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Office of Oral Health

Arizona School-Based Sealant Program

Dental Sealants

Dental sealants are tooth colored coatings that are painted on the biting surfaces of the back teeth. Sealants block food and decay-causing bacteria from entering the narrow grooves of the teeth where decay is most likely to occur.

While dental sealants have repeatedly been shown to reduce tooth decay on the chewing surfaces of the back teeth, recent studies show only 47% of third-grade school children in Arizona have one or more sealants on their permanent teeth.

Dental Sealants in School-based Programs

The Arizona Department of Health Services promotes the use of sealants by providing grant funds to support school-based sealant programs and by sharing the most current recommendations on the use of sealants.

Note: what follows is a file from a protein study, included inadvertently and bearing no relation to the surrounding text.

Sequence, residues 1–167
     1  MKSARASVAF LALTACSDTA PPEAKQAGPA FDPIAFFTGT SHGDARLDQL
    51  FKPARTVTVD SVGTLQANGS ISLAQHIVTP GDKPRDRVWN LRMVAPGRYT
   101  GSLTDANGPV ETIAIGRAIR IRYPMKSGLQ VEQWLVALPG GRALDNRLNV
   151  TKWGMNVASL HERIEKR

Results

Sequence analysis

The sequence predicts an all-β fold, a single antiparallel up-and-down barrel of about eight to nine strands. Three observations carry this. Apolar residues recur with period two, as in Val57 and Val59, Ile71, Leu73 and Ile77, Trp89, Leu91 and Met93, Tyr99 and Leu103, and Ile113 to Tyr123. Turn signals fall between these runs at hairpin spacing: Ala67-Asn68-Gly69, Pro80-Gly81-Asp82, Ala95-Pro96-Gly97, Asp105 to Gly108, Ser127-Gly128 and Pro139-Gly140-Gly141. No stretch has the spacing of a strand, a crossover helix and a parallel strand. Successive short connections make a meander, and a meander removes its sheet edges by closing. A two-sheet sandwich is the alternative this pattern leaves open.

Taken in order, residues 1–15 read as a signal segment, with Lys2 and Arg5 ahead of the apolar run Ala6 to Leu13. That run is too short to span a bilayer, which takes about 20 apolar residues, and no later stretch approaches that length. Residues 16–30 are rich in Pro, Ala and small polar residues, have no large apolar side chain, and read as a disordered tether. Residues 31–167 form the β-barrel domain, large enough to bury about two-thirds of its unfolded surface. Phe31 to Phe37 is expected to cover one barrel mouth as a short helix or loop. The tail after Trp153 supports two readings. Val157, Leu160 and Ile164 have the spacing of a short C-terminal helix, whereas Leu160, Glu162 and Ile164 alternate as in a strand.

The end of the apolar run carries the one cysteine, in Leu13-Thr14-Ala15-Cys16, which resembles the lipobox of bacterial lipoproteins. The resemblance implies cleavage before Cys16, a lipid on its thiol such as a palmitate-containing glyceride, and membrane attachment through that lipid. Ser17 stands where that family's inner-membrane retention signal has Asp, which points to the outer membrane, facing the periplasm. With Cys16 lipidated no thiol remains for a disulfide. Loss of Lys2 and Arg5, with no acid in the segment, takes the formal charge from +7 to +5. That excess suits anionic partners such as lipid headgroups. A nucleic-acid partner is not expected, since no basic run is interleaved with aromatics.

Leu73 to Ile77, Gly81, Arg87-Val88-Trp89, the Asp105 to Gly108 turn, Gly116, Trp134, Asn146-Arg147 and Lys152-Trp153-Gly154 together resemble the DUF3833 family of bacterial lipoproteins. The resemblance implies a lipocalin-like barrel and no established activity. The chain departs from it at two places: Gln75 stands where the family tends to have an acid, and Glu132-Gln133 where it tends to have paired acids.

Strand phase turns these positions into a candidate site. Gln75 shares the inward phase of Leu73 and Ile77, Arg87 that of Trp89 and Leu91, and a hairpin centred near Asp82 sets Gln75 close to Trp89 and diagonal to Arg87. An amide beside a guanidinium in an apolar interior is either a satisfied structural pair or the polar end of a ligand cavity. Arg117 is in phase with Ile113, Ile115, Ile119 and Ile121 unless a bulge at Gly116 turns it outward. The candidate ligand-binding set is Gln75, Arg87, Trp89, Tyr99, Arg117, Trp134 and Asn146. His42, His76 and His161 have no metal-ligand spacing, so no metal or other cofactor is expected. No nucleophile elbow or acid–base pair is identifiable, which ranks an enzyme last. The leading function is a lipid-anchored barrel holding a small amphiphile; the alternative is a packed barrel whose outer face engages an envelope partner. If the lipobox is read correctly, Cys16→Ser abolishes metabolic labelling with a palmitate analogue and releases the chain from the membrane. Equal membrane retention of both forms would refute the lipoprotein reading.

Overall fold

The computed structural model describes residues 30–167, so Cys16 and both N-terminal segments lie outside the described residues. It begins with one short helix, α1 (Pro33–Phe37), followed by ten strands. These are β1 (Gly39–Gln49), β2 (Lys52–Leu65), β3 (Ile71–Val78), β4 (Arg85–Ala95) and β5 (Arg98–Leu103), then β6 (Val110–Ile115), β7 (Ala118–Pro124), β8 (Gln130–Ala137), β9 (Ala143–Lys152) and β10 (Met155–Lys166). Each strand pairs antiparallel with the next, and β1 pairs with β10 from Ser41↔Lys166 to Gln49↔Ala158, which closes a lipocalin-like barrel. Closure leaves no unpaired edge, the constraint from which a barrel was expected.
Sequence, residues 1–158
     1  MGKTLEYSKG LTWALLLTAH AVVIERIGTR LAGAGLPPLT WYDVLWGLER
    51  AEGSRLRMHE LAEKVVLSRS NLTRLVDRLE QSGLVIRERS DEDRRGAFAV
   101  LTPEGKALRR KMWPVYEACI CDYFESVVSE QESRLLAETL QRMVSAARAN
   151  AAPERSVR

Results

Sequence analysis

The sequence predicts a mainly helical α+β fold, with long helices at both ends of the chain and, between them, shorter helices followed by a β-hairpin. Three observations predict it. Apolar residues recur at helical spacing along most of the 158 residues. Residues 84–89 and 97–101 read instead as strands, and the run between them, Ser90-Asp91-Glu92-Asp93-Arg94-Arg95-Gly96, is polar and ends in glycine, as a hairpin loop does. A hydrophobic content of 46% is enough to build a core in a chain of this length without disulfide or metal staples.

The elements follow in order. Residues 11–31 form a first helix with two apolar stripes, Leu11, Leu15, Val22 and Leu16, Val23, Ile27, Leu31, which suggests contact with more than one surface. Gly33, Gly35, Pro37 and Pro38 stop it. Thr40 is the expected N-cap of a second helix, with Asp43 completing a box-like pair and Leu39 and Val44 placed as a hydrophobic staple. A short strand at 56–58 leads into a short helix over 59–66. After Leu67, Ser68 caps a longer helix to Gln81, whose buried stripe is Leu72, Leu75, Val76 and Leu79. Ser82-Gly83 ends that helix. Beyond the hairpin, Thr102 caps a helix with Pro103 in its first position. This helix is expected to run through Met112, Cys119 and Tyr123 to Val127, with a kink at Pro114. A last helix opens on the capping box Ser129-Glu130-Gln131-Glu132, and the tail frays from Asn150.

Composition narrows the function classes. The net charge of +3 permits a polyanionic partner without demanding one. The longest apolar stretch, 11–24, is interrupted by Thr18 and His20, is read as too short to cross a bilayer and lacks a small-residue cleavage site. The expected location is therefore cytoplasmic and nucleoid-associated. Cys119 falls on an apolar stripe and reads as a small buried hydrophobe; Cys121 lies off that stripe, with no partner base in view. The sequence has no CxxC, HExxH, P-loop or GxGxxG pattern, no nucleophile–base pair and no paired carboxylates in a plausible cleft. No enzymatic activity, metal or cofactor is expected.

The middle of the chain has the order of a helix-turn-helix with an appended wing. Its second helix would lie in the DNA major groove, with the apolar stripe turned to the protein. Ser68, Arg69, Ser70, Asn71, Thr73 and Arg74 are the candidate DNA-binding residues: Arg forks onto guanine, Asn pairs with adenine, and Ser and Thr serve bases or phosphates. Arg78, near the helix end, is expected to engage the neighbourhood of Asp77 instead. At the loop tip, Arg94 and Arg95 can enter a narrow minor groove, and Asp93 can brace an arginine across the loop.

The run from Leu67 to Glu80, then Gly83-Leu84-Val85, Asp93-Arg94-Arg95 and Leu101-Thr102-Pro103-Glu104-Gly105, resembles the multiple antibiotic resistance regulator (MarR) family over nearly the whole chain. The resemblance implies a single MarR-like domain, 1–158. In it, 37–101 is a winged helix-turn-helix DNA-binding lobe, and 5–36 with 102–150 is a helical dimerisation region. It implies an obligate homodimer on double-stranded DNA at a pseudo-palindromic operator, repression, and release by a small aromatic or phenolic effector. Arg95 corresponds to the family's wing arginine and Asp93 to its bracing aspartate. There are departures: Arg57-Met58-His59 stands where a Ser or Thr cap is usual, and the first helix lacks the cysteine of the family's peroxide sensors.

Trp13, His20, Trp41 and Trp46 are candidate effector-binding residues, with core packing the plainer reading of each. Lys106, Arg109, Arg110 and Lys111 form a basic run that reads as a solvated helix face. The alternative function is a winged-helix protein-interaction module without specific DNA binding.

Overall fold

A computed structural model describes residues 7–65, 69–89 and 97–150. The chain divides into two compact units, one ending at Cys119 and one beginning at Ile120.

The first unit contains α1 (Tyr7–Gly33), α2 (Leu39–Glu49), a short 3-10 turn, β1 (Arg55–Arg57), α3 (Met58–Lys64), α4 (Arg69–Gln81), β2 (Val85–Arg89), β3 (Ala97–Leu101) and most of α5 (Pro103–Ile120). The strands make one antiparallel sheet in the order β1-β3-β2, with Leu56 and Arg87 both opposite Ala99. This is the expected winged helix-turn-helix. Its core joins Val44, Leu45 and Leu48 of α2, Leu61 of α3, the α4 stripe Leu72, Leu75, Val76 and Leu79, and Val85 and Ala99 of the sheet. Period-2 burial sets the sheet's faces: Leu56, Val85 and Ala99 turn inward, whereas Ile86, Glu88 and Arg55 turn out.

These programs are targeted to schools with a high percentage of enrolled students eligible for the state's Free and Reduced Price Meals Program. These programs are located in rural and urban areas where children have limited access to dental care.

Following an assessment by a dentist, teams of dental hygienists and dental assistants place sealants on children's teeth. Children are checked for other oral health problems and parents are notified that follow-up care is needed.


  • Before Sealant: food and bacteria become trapped in grooves and pits.

  • After Sealant: grooves and pits are sealed and protected from food and bacteria.

Resources for School-based Sealant Programs

The Use of Dental Sealants in Clinical Settings